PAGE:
ducted using FSL-VBM within FSL.16We isolated only prefron-
tal gray matter using the ROI available from the Harvard Center
for Morphometric Analysis to quantify a metric of prefrontal
atrophy for each subject in our study. These volumes were then
implemented as a covariate into our voxel-wise and tract-wise
designs in subsequent analyses.
RESULTS Five athletes were identified as depressed
(mean BDI-II 23.6, SD 4.28), while 21 athletes were
not (mean BDI-II 4.29, 3.72). Depressed and non-
depressed athletes did not differ in age, experience
in the NFL, number of concussions, or volume of
T2-weighted white matter hyperintensities on FLAIR
MRI scans. FLAIR scans for depressed subjects are dis-
played in figure e-1. All depressed athletes reported at
least 3 concussions (table 1). Four of the 5 depressed
athletes reported symptom onset to have occurred fol-
lowing retirement from the NFL and one reported
depression symptoms immediately following a concus-
sion that ended his career.
Voxel-wise correlations for all athletes revealed neg-
atively correlated voxels dispersed throughout the
white matter skeleton for FA and BDI-II total score
(p , 0.05 corrected) (figure 2A). Similar distributions
were found for the cognitive and somatic Buckley fac-
tors (figure 2, C and D), but the affective component
was more localized to bilateral frontal and right poste-
rior regions (p , 0.05 corrected) (figure 2B). There
were no significant differences in FA between healthy
controls and nondepressed retired athletes (p . 0.05).
Our results remained essentially unaffected after incor-
porating prefrontal atrophy as an additional covariate
into the voxel-wise analysis.
Table 2 shows all of the tracts that were included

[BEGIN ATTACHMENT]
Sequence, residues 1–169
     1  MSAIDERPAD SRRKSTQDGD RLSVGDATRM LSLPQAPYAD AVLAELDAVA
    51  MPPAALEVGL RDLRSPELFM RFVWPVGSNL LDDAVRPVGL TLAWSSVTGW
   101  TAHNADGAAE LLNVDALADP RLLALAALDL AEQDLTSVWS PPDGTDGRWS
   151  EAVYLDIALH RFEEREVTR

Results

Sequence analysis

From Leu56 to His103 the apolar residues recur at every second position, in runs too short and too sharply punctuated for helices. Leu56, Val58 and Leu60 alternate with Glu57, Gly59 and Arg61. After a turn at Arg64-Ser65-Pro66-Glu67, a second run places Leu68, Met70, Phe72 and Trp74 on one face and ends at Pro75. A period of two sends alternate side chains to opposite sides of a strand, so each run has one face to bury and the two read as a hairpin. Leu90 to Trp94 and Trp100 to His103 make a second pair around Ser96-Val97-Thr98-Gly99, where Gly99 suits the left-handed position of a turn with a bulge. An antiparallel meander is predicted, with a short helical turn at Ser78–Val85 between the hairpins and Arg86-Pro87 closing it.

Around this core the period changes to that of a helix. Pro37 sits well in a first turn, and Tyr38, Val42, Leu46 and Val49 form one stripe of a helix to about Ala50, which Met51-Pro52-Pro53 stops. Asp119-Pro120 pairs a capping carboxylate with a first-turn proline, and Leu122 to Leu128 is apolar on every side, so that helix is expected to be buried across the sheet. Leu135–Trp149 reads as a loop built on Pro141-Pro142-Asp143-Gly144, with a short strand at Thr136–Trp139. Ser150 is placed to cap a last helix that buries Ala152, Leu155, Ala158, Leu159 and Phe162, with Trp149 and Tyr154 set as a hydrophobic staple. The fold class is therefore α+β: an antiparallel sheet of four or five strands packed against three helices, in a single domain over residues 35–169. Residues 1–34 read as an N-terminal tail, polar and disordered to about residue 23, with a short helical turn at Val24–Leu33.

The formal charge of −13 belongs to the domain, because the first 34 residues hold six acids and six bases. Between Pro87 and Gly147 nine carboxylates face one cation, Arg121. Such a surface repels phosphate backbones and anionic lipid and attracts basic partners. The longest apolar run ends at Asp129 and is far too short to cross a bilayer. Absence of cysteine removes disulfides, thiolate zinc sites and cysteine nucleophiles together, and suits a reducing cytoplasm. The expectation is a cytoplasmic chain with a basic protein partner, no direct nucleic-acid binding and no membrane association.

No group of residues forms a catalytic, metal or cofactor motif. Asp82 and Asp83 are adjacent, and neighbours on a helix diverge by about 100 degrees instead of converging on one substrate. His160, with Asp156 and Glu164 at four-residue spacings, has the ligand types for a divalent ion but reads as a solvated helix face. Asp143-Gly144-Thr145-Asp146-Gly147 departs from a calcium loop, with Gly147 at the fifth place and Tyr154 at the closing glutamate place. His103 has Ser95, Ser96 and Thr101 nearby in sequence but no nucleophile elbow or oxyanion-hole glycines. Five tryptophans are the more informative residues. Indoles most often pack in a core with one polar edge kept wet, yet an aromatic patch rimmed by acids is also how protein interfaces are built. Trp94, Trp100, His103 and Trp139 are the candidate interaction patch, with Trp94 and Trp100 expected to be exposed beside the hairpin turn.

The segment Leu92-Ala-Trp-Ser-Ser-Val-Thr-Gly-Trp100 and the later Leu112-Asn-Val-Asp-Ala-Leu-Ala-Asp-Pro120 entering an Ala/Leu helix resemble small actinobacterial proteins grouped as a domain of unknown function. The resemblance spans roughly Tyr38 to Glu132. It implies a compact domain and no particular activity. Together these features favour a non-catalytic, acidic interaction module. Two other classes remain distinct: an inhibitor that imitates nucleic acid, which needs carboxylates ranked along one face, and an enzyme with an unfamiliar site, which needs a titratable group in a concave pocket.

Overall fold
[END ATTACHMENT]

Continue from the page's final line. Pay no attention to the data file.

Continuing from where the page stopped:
in the analysis along with the corresponding Pearson
coefficients. Four white matter tracts had mean FA
values that were significantly correlated with the total
BDI-II score (p , 0.01). These tracts included the
forceps minor (figure 3A), right uncinate fasciculus
(figure 3B), right frontal aslant tract (figure e-2A),
and left superior longitudinal fasciculus (figure e-2B).
No tracts uniquely correlated with any of the subfac-
tors that did not also correlate with the total BDI-II
score. A second correlation was performed for the
forceps minor after removing the impact of prefrontal
atrophy but the correlation remained significant (p ,
0.01, R 5 20.523).
ROC curve analysis of the 4 tracts with significant
associations between mean FA and total BDI-II score
revealed thatthe meanFA ofthe forcepsminorbest dis-
with an area under the curve of 0.9712 (figure 3C). A
mean FA cut point of 0.3896 misclassified only one
subject and yielded a sensitivity of 100% (95% CI
47.8–100), a specificity of 95.2% (95% CI 76.2–
99.9), an odds ratio of 150.3 (95% CI 5.3–4,229), a
a negative predictive value of 100% (95% CI 83.2–
100), and a positive likelihood ratio of 21.
DISCUSSION Our data from this relatively small
cohort demonstrated a significant association between
white matter integrity, as measured by DTI FA, and
the presence as well as severity of depressive symptoms,
a history of concussive or subconcussive impacts. The
data show that constellations of depressive symptoms
are associatedwith general,as wellaslocal,white matter
disruption, depending on the Buckley 3-factor score
used as a correlate. Using the overall BDI-II score
threshold associated with clinical depression, the FA
Figure 1Standards for the reporting of diagnostic accuracy studies
Flow chart of the study to assess the diagnostic accuracy of forceps minor fractional anisot-
ropy (index test) in detecting depression within professional athletes validated with the Beck
Depression Inventory II as the reference standard.
28Neurology 81 July 2, 2013
value ofone specific tract,theforcepsminor,resultedin
100% sensitivity and 95% specificity for identifying in-
dividuals with depression. The factor common to all of
these individuals that is associated with white matter
dysfunction is their remote history of concussions that
occurred prior to the detection of the subjects’
The BDI-II is commonly used in clinical and
research settings and reliably quantifies depressive
symptoms.17Depression can be manifested by a vari-
ety of symptoms that span from emotional to physical
as described in Buckley’s 3-factor model—affective,
cognitive, and somatic. Our findings showed that
depressive symptom factors in this cohort correlated
differentially with FA: the affective component was
associated with focal white matter regions (bilateral
frontal and right posterior), and the cognitive and
somatic factors were associated with widespread white
disruption has been reported to correspond with a
prior history of depression.18,19Interestingly, voxels